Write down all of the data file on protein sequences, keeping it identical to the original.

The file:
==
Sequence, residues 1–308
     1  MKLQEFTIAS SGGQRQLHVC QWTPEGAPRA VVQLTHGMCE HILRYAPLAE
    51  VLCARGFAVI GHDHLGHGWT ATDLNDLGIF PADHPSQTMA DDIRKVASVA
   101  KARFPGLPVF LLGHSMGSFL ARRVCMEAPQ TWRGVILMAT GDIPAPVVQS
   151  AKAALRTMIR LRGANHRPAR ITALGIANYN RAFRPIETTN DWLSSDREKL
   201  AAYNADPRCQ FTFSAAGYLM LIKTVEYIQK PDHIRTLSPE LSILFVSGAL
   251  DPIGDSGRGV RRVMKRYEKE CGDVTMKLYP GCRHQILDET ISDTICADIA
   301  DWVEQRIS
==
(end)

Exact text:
Sequence, residues 1–308
     1  MKLQEFTIAS SGGQRQLHVC QWTPEGAPRA VVQLTHGMCE HILRYAPLAE
    51  VLCARGFAVI GHDHLGHGWT ATDLNDLGIF PADHPSQTMA DDIRKVASVA
   101  KARFPGLPVF LLGHSMGSFL ARRVCMEAPQ TWRGVILMAT GDIPAPVVQS
   151  AKAALRTMIR LRGANHRPAR ITALGIANYN RAFRPIETTN DWLSSDREKL
   201  AAYNADPRCQ FTFSAAGYLM LIKTVEYIQK PDHIRTLSPE LSILFVSGAL
   251  DPIGDSGRGV RRVMKRYEKE CGDVTMKLYP GCRHQILDET ISDTICADIA
   301  DWVEQRIS